06 Dec 2019

Alex Hems: Head's Blog December 6 2019

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Seeing Clearly in a 'post-truth' World 

How do we help young people to identify fake news, in a world of memes, misinformation and in which ‘deep faking’ is becoming a serious security concern? This was the question put to us at the recent GSA Heads’ Conference, the title of which was 2020 Vision. The Editor of the Times Educational Supplement challenged us all, as educated, thinking adults, for not pushing back more forcefully at the idea of a ‘post truth world’.

Apparently primary school children are twice as likely to be able to identify fake news as secondary students. I was intrigued by this statistic. Are younger children less inhibited about asking questions and challenging what they see in front of them? How has the education system failed our older children if it has not helped them to be discerning and critical readers and viewers? How do we ensure that the instinct for truth is preserved and fine-tuned so that the next generation is better equipped to find their way through life with clear sight and critical faculties intact? News is now far more widely accessed through mobile phones than it is through television, especially by young people. Social media brings them news as well as entertainment, but of course, because the owner of the phone or other device can choose who they follow, it is more likely that the commentary that they read will accord with their existing point of view, rather than challenging them to consider another angle – the so-called ‘echo chamber’ which can of course be a very comfortable place in which to exist. Good, responsible journalism costs money and is time-consuming; it will only survive, in print or on-line via subscription, if consumers are willing to pay for it, and are willing to give the time that is needed digest what are often, rather worryingly referred to now as ‘longer reads’. When, I wonder did 10 to 15 minutes of reading become a long read?

We all, as adults, parents and educators, have a responsibility to model this critical, evaluative behaviour, and to talk about it with our children and students. As a school we also take this responsibility very seriously. We know, however, that we also have to acknowledge the primacy of digital media in the daily lives of young people. You will have all seen the SchoolPost sent on Wednesday from Mr Andrew Leask, Head of English and e-Learning Coordinator, in which he summarises the array of digital learning resources that are available to the girls, not only at school, but also from home. Our Library pages, which your daughter can reach via this link will give her access to Britannica, the online encyclopaedia, to The Day which is a daily news digest aimed at school students and Issues Online, an excellent database. I hope you might find it interesting to browse these resources with your daughters and discuss how they could be used in their work. I do not believe that anything should or could replace the experience of human interaction with an inspiring teacher who is sharing their passion for a subject, but there is no doubt that the opportunities that technology offers to a skilled teacher to enhance learning in so many creative ways are very exciting.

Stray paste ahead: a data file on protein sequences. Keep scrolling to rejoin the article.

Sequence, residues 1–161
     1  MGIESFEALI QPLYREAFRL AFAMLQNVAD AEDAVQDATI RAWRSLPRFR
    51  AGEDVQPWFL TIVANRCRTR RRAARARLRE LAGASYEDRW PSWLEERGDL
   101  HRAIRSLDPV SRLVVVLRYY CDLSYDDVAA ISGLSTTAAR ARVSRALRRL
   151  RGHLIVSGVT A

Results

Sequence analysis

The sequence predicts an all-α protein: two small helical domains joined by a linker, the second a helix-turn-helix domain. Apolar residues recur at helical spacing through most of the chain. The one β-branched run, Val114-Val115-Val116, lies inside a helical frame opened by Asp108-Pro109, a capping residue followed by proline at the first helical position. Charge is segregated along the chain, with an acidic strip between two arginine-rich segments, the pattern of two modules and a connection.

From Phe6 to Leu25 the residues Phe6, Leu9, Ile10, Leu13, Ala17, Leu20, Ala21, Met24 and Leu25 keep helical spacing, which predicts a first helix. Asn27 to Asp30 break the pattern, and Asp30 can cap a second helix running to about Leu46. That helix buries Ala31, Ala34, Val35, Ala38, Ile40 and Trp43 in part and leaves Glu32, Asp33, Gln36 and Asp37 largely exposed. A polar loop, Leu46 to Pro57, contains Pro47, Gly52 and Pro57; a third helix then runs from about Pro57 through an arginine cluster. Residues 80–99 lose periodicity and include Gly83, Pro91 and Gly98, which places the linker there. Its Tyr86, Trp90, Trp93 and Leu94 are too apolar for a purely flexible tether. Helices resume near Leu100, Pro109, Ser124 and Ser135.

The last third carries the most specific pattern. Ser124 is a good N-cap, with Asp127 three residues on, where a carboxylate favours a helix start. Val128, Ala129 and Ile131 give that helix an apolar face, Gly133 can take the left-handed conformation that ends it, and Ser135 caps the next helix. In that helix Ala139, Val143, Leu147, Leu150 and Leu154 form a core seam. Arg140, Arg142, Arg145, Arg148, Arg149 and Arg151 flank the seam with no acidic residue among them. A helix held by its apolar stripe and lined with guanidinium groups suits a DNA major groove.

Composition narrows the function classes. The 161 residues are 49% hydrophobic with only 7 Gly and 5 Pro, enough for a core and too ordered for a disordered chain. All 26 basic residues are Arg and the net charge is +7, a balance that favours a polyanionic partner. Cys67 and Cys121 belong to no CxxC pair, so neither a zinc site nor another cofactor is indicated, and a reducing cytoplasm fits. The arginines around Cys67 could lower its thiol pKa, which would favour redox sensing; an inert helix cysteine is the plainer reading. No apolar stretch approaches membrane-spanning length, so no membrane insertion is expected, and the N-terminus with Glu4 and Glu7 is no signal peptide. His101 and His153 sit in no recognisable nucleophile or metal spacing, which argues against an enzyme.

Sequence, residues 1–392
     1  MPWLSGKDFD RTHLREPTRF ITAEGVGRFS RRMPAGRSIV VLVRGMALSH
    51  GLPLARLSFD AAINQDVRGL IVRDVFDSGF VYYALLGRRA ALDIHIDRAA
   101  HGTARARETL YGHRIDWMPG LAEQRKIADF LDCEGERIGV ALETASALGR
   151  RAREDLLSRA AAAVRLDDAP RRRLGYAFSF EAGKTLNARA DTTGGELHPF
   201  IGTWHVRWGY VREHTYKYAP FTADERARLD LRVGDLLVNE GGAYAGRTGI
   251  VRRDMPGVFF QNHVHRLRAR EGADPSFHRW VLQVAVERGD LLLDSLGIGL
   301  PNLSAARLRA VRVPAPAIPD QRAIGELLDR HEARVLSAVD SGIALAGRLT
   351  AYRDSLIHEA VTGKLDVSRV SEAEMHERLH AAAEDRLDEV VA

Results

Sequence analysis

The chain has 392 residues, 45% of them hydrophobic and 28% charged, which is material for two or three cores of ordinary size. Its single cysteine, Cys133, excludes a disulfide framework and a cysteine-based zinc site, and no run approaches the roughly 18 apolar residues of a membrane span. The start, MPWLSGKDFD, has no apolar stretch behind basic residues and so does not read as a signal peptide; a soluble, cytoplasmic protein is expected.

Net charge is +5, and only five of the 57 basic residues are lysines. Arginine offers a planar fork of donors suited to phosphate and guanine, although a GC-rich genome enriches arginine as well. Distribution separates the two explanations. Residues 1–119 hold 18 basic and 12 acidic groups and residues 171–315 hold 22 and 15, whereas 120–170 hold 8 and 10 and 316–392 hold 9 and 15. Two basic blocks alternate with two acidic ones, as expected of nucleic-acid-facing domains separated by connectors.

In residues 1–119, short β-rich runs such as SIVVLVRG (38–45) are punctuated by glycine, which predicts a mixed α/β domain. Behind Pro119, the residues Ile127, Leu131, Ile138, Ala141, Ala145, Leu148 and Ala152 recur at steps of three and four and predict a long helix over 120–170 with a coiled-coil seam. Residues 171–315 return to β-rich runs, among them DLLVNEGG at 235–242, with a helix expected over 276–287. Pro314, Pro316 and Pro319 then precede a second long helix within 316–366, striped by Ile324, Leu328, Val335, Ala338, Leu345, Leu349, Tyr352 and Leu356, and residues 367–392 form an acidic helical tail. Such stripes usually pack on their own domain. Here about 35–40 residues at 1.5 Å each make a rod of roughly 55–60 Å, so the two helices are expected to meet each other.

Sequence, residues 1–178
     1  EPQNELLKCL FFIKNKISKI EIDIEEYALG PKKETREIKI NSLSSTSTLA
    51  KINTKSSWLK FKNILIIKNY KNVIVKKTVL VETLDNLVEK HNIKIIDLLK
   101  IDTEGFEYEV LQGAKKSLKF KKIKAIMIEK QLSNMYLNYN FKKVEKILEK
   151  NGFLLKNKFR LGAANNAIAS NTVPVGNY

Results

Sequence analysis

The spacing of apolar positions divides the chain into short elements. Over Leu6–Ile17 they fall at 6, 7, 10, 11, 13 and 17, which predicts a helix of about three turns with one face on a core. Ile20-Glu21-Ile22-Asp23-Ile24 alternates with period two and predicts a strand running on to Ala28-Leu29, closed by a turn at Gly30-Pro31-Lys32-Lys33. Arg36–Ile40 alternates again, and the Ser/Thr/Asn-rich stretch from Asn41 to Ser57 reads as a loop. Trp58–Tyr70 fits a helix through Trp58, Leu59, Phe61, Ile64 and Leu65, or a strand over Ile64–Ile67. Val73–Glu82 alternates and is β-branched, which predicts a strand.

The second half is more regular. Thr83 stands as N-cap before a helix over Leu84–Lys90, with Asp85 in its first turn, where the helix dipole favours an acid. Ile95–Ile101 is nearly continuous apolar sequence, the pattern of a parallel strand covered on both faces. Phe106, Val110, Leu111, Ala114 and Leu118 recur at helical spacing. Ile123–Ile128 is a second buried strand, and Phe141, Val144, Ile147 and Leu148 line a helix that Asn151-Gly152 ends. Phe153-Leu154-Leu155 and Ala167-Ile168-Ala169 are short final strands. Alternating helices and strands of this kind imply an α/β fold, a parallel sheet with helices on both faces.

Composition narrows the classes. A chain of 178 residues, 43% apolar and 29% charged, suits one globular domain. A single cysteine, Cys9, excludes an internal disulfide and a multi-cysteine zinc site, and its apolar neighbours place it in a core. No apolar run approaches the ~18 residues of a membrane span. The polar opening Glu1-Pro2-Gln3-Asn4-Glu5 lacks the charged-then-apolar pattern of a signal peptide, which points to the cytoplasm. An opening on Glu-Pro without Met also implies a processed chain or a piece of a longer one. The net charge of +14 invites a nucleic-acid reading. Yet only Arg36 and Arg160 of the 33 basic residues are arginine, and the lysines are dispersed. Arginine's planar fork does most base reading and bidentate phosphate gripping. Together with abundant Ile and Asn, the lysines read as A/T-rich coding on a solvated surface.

Critical thinking, the weighing of evidence, construction and deconstruction of arguments are all part of girls’ learning at school. The Higher Project Qualification, which we offer alongside GCSEs in Lower and Upper 5, requires them to undertake their own research and independent thinking, and therefore helps to develop their analytical and evaluative skills. The challenge lies in helping them to see the transferability of these skills to the way in which they digest social media. We also want them to appreciate what a wealth of opportunity exists for young people who are appropriately equipped to take on roles in creative technologies. We are delighted that we were able to enter two teams for the UK Space Design competition a few weeks ago, one of which won and will now compete in the final in London next year. The recent success of girls in the TCS Oxford Computing Challenge programme is very encouraging; we now teach computational thinking from Junior School upwards, embedding the thinking skills that will equip them for the workplace of the future.

I have every faith in the ability of the coming generations to be discerning readers of social media and news, but the onus is on all of us to uphold the values of integrity and honesty, to ‘push back’ where we see these being eroded, and to show courage in owning the truth in our own lives.

Mrs Alex Hems MA Oxon
Head, St George's School for Girls, Edinburgh

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